A Morsel Of Biscuit, A Glass Of Wine
Image Credit: Blanchard took 6 bottles of wine with him | Unsplash

The crowd gathered in the yard of Philadelphia's Walnut Street Prison took in the sight before them with a barely suppressed excitement. It was 10 am, on 9 January 1793, and they were about to witness history in the making. The Frenchman they had all gathered to see — even President George Washington was present, in honour of the occasion — was making the final adjustments to the apparatus that would carry him into the sky: a hot-air balloon. It would be the first-ever balloon flight in America, although Jean-Pierre Blanchard, the man performing the feat, had already conducted 44 such flights in Europe previously, becoming one of the age's celebrated aeronauts. This was to be his 45th ascension. 

As the balloon tugged at the ropes that tethered it to the ground, Blanchard conducted a last round of inspections: the instruments he'd be carrying for making observations about the weather at various altitudes, the ballast, and two items that his friends had pressed on him — a small black dog to keep him company on the flight, and some refreshments. 

The careful survey was critical. Eight years ago nearly to the day, Blanchard had historically crossed the English Channel in a balloon, but the endeavour had been marred by friction with his financier, Dr John Jeffries. There had been a ludicrous chain of events, which included Blanchard barricading himself into his quarters (not wanting Jeffries to share the limelight by accompanying him on the flight), Jeffries discovering that Blanchard had sewn weights into his vest just so he could claim the balloon was over its limit (and thus prevent Jeffries from boarding), and finally, the men having to divest themselves of nearly all their clothing — and pee over the edge of the basket/carrier! — when the balloon became too heavy mid-flight.

He was offered a meal of excellent potatoes post landing | Unsplash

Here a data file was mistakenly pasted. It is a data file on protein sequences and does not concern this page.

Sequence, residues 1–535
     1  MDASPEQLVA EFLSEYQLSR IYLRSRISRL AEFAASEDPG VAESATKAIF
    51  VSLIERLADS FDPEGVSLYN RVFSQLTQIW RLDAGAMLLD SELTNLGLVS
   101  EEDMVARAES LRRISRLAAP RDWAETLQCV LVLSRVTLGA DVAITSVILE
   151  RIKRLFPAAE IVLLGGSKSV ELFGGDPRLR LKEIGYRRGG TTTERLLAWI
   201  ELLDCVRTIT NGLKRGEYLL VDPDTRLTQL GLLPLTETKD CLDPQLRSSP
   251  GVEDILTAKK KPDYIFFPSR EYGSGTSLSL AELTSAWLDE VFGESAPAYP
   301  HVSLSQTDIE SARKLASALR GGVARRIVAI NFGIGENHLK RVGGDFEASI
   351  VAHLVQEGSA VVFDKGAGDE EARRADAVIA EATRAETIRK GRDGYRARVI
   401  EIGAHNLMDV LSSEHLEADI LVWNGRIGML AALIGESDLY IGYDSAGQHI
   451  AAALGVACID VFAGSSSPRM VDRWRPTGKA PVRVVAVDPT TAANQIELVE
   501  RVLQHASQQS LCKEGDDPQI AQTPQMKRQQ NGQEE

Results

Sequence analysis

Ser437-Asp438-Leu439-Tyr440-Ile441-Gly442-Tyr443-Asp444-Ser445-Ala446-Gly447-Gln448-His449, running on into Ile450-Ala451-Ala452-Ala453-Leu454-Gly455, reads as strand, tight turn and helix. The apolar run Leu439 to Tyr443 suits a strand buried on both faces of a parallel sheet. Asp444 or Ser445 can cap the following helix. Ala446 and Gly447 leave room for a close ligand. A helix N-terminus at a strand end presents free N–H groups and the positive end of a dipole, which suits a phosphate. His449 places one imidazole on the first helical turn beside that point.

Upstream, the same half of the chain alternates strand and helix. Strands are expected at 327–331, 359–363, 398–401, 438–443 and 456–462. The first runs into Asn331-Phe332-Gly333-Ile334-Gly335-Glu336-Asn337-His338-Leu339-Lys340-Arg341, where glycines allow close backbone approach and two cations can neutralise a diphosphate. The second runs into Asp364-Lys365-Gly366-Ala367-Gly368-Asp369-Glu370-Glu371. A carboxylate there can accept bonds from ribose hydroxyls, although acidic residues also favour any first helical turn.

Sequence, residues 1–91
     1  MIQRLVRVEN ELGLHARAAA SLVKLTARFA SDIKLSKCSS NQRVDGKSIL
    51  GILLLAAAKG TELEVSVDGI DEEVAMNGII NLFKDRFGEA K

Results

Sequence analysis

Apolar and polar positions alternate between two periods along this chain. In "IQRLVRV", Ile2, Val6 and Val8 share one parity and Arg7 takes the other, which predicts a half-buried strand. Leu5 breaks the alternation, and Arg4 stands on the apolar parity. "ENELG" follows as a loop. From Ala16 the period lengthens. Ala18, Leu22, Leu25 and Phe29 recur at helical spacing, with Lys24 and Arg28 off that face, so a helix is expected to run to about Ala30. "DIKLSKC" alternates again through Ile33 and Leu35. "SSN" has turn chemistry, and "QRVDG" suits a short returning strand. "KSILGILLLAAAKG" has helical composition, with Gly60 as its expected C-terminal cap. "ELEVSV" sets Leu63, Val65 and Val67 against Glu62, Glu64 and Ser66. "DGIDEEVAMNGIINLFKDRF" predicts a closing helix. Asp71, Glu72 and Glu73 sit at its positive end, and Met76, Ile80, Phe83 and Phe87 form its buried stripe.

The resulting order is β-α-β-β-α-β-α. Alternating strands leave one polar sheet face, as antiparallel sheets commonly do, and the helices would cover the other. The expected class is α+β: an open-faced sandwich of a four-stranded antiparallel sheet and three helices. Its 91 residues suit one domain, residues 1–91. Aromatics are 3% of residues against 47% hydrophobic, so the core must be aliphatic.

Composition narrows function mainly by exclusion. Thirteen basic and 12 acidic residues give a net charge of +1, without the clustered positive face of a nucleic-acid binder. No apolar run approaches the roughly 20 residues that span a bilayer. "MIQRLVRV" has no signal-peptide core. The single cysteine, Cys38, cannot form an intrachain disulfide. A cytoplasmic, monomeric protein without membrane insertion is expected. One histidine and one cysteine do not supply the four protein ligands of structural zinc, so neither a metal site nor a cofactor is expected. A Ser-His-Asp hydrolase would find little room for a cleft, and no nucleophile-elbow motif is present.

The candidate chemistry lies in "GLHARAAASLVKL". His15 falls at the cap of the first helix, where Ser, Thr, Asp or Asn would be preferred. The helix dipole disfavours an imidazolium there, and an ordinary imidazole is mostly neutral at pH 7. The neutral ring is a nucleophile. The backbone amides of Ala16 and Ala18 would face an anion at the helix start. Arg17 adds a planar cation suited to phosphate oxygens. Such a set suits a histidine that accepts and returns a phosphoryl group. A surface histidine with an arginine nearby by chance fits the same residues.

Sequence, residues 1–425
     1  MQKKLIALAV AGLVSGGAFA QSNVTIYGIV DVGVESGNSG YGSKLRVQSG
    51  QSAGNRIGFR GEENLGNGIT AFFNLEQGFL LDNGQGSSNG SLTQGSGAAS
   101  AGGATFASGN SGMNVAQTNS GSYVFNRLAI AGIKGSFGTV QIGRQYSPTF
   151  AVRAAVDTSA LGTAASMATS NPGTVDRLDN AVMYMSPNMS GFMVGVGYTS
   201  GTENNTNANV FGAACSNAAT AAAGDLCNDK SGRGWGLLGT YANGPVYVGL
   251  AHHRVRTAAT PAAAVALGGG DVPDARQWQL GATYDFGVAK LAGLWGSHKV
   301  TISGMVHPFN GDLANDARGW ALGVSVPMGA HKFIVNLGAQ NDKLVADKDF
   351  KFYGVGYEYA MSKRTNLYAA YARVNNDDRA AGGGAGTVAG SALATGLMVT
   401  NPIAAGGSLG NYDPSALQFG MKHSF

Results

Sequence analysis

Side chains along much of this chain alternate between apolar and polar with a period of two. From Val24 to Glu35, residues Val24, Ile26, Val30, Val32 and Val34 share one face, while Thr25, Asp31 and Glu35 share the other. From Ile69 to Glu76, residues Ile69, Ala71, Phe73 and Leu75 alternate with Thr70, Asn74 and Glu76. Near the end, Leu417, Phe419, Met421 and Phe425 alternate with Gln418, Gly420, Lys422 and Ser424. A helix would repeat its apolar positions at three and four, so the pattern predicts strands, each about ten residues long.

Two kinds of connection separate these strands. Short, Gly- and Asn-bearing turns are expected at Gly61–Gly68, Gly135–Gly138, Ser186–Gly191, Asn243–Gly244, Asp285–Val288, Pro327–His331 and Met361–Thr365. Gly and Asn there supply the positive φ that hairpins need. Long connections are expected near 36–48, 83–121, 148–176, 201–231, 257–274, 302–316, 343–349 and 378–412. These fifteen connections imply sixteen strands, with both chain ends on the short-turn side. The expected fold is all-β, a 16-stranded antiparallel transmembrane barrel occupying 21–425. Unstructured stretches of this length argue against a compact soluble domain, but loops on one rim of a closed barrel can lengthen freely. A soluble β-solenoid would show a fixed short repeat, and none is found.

Anyway, back to Philadelphia: Blanchard wasn't anticipating adventures of a similar kind on this flight for certain. Once in the air, he began to record his observations and measurements. Wanting to carry back samples of "the atmospheric air in which [he] was floating", Blanchard tipped over the contents of six bottles that a friend had stocked the balloon with — "diverse liquors", he notes — and did the needful. Then, his experiments carried out, he decided to partake of some food, writing later: "I strengthened my stomach with a morsel of biscuit and a glass of wine" (clearly, the six emptied bottles weren't the only spirits Blanchard had on board). There was an additional surprise for the aeronaut: a dose of ether. Not yet common as a medical anesthetic, ether was used by some as a recreational substance, and Blanchard writes that a few drops of it left him "much refreshed".

Finally, when he descended — in the vicinity of New Jersey — Blanchard pulled out another (saved) bottle of wine to offer the astounded local who found him. Blanchard didn't speak English, and while Washington had provided him with a "passport" (a document stating that the Frenchman was to be treated with due courtesy), the Jersey man couldn't read, so they had to rely on the wine to forge a companionable bond as they folded up the balloon and packed it away in the carrier until more help arrived. 

The residents of a nearby house offered Blanchard a meal of "excellent potatoes", but he was still wound up from the flight, eager to get back to Philadelphia, and couldn't bring himself to eat. Conveyed to his destination in the carriage of a Jonathan Penrose, Esq. it was only during a pit-stop at the latter's Southwark home that Blanchard, reassured that his mission would soon be complete, finally ate a proper meal.